Test your knowledge of prize fund rules in this baker’s dozen True or False quiz by Tim Just.
1. A tournament advertising a “Guaranteed Prize Fund” must pay the entire advertised prize fund amount, no matter what.
True. That is why it is guaranteed.
2. A tournament advertising a “Based On” prize fund must pay the entire “Based On” dollar amount, no matter what.
False. This kind of prize fund is based on the number of entries. Based-On prize funds can be reduced by as much as 50%. When a $1000 “Based On 50 players” tournament draws less than 25 players (less than half the advertised player total), the prize fund can be reduced by only 50%—or to $500. That 50% reduction applies to all advertised prizes.
3. When a prize fund for a tournament is advertised as “$2000 Based on 125 players,” and only 75 players enter the event, the organizer may reduce the prize fund to $1200.
True. The math goes like this: Only 60% (75/125 = 60%) of the expected number of entries played in the event. So, 60% of $2000 = $1200.
4.“Based-On” prize funds of $500 or less must pay out prizes in proportion to the number of players that enter a tournament compared to the number of players expected.
True. A “$450 Based-On 30 players” tournament’s entries only totaled 10 players. The organizer must pay out 33.3% (10/30) of the $450 prize fund—or $150.
5. When an event advertises a Class (not Under) $100 prize for first place in the Expert Class, and only one Expert rated player enters the event, only that lone Expert may claim the $100 Expert prize.
True. When the Expert does not win any place prize worth more than $100, no matter what they score—even zero points—the Expert prize belongs to them. They alone qualify for and may claim that Expert gold.
6. When a tournament publicizes an “Under 2200” prize and only one Expert rated player enters the tournament, only that lone Expert may claim the “Under 2200” prize.
False. Under prizes are different from Class prizes. Class prizes are restricted to players with ratings in that class. Under prizes apply to any player rated below a set rating. In this example the “Under 2200” prize can be claimed by the best scoring player rated below 2200, that includes Experts, plus players in class A, class B, class C, class D, etc.
7. All of the prizes an individual qualifies for can be claimed by that one person.
False. Players can only claim one prize—the largest prize available to them, no matter how many other prizes they qualify for. Sometimes a player qualifies for a place prize and a class, or under, prize. They can only claim the larger of those two cash amounts. So if a wood pusher’s score qualifies them to collect both a place prize of $200 and a class, or under, prize of $100, they can only collect the $200 place prize.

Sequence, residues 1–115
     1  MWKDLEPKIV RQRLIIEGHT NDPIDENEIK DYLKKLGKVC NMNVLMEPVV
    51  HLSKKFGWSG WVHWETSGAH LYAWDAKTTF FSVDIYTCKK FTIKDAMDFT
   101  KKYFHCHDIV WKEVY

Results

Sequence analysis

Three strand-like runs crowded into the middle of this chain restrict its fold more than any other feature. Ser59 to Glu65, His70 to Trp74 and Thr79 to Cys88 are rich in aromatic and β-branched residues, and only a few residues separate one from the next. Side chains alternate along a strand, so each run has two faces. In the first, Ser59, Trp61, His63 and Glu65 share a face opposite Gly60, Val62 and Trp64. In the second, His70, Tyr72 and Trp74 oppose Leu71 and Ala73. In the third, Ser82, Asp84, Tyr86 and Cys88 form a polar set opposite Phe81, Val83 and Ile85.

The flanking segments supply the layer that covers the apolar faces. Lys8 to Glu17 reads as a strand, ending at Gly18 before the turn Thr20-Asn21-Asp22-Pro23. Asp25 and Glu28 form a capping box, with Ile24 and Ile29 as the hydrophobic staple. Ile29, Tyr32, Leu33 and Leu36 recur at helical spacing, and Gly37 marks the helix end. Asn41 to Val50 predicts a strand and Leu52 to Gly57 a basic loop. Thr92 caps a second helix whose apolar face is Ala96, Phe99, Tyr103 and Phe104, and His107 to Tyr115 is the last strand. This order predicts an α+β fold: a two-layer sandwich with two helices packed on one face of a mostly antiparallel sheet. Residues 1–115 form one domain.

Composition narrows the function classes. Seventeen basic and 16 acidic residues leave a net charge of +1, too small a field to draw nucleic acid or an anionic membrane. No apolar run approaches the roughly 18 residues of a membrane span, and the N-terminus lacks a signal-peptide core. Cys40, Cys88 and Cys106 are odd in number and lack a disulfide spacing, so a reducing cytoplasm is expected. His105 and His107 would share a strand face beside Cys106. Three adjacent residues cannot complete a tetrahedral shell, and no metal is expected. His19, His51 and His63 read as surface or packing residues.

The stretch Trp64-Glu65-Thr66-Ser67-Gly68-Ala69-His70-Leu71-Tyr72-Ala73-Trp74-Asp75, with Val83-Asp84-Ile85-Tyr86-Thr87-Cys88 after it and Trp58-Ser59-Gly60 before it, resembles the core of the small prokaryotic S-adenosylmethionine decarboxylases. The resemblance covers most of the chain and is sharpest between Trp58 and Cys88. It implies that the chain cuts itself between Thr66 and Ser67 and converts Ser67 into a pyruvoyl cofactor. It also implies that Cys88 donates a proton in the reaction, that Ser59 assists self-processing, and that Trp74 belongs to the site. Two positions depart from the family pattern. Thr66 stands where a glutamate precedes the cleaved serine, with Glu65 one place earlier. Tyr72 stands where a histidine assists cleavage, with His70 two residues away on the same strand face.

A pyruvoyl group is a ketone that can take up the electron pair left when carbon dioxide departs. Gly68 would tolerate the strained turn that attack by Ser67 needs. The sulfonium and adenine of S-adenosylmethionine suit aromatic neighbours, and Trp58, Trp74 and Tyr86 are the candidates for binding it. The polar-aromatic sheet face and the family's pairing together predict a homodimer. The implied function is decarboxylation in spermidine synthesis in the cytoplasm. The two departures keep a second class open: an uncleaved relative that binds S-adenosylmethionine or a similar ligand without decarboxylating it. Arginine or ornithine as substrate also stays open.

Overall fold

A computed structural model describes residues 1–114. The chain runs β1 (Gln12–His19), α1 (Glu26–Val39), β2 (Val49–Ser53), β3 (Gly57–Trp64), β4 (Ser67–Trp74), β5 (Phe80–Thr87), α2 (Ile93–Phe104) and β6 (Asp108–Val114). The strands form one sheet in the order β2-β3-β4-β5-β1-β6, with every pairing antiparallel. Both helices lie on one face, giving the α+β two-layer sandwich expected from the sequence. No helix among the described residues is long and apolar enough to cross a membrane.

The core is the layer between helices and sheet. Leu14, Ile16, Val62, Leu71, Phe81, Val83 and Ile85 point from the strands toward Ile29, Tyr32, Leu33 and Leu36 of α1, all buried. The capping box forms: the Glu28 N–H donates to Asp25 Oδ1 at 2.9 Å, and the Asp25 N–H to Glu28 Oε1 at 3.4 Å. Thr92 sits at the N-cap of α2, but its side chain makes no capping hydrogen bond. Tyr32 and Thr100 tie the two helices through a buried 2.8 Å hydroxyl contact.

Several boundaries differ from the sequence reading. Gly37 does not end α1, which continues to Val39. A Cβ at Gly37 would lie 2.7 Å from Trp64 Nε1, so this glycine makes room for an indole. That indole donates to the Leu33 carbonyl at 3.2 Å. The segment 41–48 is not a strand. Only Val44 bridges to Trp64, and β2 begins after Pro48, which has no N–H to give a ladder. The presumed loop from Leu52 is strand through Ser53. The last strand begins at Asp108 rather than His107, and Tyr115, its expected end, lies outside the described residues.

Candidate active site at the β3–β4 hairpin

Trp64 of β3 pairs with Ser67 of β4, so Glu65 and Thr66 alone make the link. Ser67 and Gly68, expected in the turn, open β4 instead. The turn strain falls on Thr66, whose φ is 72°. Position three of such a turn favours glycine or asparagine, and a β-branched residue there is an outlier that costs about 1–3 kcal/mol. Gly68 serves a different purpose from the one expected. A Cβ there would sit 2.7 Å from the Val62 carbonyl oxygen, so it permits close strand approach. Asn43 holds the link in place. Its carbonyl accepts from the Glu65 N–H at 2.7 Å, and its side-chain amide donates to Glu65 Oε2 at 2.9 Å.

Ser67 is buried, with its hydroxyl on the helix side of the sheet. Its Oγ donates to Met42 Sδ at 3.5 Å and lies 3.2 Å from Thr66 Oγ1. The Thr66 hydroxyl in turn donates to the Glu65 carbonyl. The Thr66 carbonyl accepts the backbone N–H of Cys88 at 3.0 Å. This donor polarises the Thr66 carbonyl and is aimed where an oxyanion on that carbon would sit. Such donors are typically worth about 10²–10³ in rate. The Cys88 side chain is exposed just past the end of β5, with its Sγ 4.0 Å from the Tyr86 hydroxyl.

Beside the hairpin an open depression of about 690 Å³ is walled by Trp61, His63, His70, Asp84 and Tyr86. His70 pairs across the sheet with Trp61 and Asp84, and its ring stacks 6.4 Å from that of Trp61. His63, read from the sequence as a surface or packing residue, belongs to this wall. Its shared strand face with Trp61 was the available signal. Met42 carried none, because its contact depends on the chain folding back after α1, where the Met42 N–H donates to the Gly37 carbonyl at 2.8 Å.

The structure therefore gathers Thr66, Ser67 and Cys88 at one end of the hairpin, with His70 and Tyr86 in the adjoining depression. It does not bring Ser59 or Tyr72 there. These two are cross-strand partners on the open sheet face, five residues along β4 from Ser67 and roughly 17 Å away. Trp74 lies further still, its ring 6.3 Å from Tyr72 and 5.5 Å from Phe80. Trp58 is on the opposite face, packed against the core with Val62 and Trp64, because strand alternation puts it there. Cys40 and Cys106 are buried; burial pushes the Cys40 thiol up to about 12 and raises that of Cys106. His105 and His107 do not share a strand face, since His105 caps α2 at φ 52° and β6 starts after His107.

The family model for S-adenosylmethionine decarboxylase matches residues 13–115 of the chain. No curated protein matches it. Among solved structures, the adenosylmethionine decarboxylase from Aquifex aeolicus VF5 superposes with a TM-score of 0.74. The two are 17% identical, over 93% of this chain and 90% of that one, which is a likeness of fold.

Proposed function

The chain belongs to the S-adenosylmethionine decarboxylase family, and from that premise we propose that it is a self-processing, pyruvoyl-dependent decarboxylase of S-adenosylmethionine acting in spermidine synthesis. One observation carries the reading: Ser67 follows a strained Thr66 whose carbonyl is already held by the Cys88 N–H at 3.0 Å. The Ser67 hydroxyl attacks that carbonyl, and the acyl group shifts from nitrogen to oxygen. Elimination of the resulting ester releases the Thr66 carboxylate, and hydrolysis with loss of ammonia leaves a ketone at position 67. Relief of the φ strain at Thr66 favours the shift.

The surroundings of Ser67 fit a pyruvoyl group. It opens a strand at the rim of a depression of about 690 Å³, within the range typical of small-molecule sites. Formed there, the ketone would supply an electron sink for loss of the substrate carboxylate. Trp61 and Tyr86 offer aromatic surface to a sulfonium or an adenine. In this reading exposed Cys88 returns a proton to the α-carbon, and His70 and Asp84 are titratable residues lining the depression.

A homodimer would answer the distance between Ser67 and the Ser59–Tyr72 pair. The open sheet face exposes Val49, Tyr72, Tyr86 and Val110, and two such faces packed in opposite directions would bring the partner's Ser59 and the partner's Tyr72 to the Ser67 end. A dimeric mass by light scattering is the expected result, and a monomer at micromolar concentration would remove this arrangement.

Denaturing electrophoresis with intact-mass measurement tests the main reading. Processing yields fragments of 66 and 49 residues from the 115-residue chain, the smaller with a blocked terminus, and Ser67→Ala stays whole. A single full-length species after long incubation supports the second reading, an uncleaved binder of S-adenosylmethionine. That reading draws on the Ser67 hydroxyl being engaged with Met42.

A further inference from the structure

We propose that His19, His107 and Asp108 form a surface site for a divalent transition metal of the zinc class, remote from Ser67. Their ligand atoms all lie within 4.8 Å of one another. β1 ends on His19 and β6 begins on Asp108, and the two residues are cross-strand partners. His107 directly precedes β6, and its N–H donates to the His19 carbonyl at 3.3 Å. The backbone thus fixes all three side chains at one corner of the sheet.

8. When there are ties for place prizes the players in the tie may place all of the funds they qualify for into a pot that they will be split with the other tied players.
False. The same “one prize per player” rule applies when there are ties for $$$ to be split up; i.e., each player can only bring their one largest prize to the pot to be split. The number of prizes shared by the tied players can never be greater than the number of players that are dividing up those $$$: Three players tie for first ($500), second ($400), and third ($300) place prizes. One of those players also can also lay claim to the top Expert prize of $200. That expert cannot collect both the Expert prize and a place prize. In this example those top three wood pushers—including the Expert—share only place prizes totaling $1200 ($500+$400+$300) equally, or $400 each. The Expert prize of only $200—far less than any of the place prizes—is awarded to another player.
9. Organizers must award all prizes at the tournament site.
False. Organizers may award prizes at the tournament site or send them to the winners in a timely manner—well, as long as the organizer has their contact information. Organizers may also require that players fill out IRS forms to claim their prize.
10. Tie breaks should never be used to determine money prizes.
True. Tie-breaks are used to determine non-monetary indivisible prizes—like trophies.
11. Special prizes are not counted when it comes to awarding prize $$$.
True. Special prizes—like best senior, best woman, best scholastic player, etc. are awarded separately from place and class, or under, prizes. A 75 year old player might claim a $200 place prize AND separately also claim the $50 “Best Senior” prize without breaking the “one prize per player” rule; special prizes don’t count towards the “one prize per player” rule and may not be shared with other players that don’t qualify for those special awards.
12. When an organizer makes a profit at a tournament they must increase prizes appropriately.
False. There are no US Chess rules that require an organizer to pay out more $$$ than the advertised.
13. You can withdraw from a tournament and still claim your prize!
False. Players that withdraw from a tournament do not qualify for prizes. You must play all of your games or receive a bye for any rounds that you will miss—including the last round—to claim prize money.
The US Chess Rules (Chapters 1-2+11 from the 7th edition rulebook) are now downloadable and available on-line.
Tim Just is a National Tournament Director, FIDE National Arbiter, and editor of the 5th, 6th, and 7th editions of the US Chess Rulebook. He is also the author of My Opponent is Eating a Doughnut & Just Law, which are both available from US Chess Sales and Amazon/Kindle. Additionally, Tim recently revised The Guide To Scholastic Chess, a guide created to help teachers and scholastic organizers who wish to begin, improve, or strengthen their school chess program. Tim is also a member of the US Chess Rules Committee. His new column, exclusive to US Chess, “Just the Rules” will help clarify potentially confusing regulations.